After one too many heartbreaks early in my dating career, I vowed to myself that I’d always be the taker, never the giver in my future relationships. Fast-forward seven years and I’m now married to a wonderful man who treats me like gold and puts me on a pedestal. I thought it’d be great, but it’s the complete opposite.
- Passiveness isn’t sexy, confidence is. It’s funny, I know that a sensitive man is supposed to be a good thing, but sometimes I want a partner who isn’t afraid to challenge me; someone to call me on my crap and put up a fight when he doesn’t agree with me. I want someone who is as passionate as I am, about me and about everything else in life. Also, a passive man isn’t going to bend you over the counter when you’re washing dishes and let’s face it, sometimes that primal confidence is just what you need.
- I take him for granted. Instead of viewing the things he does for me as the thoughtful, individual tokens of love that they are, I see them as mundane and ordinary. All I want is a man to vacuum the rug… until that man is vacuuming the rug every day, and then it gets old. It’s boring. Then I begin to resent him instead of loving him, which is the opposite of the reaction I’m supposed to have. The things he used to do just because he loves me have become a daily task list, and I can’t accept anything less.
- It makes me feel guilty. I start having thoughts like I just did about the vacuum and I feel like a terrible person. How could I feel this way about my partner, the supposed love of my life? This is the man I married. How can I admire these qualities in him one day and despise them the next? I start to question myself, which makes me self-conscious and sad.
- I’m drowning in expectations. He actually thinks I’m perfect, which is paralyzing. And then I begin to think I’m perfect, which isn’t good for anyone’s ego. When I screw up, it hurts worse because he has set this unrealistically high bar for me. I have a persona that’s impossible to live up to, which means I’ll never feel fulfilled in our relationship.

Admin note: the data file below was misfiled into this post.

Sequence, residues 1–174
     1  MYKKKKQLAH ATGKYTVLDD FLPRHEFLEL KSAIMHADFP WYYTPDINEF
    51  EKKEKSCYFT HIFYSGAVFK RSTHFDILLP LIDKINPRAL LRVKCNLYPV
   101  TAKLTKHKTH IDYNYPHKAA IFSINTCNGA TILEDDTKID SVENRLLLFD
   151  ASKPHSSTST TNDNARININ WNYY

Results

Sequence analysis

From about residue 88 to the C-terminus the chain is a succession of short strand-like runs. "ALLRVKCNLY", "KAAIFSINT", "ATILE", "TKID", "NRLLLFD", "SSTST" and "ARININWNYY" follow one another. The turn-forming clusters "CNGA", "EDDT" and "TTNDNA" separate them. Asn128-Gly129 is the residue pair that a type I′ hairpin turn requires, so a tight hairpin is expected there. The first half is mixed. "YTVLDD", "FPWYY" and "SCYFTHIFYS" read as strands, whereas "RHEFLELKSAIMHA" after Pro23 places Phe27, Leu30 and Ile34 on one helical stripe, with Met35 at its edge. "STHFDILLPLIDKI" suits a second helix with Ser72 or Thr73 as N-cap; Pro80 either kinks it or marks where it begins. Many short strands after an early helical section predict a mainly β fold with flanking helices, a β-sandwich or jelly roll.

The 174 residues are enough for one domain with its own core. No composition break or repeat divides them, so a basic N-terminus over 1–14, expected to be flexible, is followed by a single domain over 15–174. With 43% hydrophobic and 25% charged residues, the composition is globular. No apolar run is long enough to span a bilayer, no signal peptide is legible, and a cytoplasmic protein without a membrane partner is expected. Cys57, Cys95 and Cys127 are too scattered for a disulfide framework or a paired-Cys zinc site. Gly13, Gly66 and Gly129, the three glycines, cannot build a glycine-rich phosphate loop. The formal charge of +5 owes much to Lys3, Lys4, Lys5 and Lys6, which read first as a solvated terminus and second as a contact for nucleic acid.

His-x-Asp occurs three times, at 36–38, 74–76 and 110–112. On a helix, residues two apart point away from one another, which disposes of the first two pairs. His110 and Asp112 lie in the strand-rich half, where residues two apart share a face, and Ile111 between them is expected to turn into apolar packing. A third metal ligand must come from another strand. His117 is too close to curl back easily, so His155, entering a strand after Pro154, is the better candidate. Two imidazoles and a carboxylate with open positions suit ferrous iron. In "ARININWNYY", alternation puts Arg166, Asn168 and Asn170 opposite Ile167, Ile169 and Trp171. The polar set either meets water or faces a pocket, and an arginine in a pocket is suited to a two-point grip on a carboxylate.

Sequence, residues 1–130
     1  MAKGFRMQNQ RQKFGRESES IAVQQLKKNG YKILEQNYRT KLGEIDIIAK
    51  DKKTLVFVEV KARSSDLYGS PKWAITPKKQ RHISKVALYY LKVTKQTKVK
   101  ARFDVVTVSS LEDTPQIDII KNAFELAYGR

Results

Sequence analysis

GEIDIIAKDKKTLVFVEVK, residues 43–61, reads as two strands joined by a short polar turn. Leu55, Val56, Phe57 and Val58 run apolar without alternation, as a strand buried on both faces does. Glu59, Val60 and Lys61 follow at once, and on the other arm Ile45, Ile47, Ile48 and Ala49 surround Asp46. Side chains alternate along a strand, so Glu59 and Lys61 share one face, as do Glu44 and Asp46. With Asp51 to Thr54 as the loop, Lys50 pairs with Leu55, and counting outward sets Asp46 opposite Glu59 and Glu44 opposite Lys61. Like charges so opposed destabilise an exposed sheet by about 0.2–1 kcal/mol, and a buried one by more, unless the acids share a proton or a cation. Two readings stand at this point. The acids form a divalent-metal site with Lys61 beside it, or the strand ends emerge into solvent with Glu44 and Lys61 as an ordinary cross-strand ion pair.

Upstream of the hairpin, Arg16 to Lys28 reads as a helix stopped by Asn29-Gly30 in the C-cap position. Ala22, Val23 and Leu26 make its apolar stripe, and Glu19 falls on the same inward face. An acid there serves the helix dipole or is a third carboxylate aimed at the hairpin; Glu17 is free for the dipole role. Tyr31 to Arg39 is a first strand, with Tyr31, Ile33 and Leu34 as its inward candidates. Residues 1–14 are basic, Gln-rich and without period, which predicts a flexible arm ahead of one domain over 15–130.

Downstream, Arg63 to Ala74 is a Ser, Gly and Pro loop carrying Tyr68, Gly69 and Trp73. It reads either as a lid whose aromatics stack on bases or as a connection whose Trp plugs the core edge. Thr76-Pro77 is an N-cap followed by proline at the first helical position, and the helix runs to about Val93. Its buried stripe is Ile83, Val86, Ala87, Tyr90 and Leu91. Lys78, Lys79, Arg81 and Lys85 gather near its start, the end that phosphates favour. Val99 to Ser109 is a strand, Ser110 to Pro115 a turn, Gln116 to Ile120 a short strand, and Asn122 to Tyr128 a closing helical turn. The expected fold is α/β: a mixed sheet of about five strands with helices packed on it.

- I want someone to love me for my flaws. You know, someone to recognize my faults and to embrace them. I think true love is when someone can love even the ugliest parts of you. I’m too afraid to even let him have a glimpse at that ugly side of myself. At the end of the day, I’m honestly afraid he would hate me and leave. And while I do a lot of complaining, I really don’t want him to leave.
- I can’t be myself. Some days it’s like he’s in love with a different person, with an on-screen, glamorous version of me instead of who I really am inside. He can never truly connect with me because he idealizes someone that I’m not. I’ll always feel distant from him because I don’t know if he’ll ever truly know me, which is heartbreaking.
- His self-worth suffers. He tends to put me above himself, which means he lacks the self-care every individual needs in a healthy relationship. Just like the old cliché says, you have to love yourself before you can love another. I know that sometimes I make him feel insufficient, but it starts with him and his lack of confidence.
- I’m lonely. I don’t have a partner, I have a servant. Yes, this sounds harsh, but it’s how it really feels. He’ll do anything for me, but at a certain point, anything is too much. We all want to care and be cared for, and sometimes I want to do those sweet things for him too. It just feels so out of character because he never lets me. It’s a vicious cycle that I haven’t been able to break. I end up feeling more alone with him than without him.
- I want us to walk on equal ground. I’ve learned that most successful relationships are between equals. I understand now that each partner should give and take the same so that both people can feel loved and confident, in and out of the relationship. I know that if we learn to view each other equally, the more respectful we’ll be of each other and the more our relationship will grow.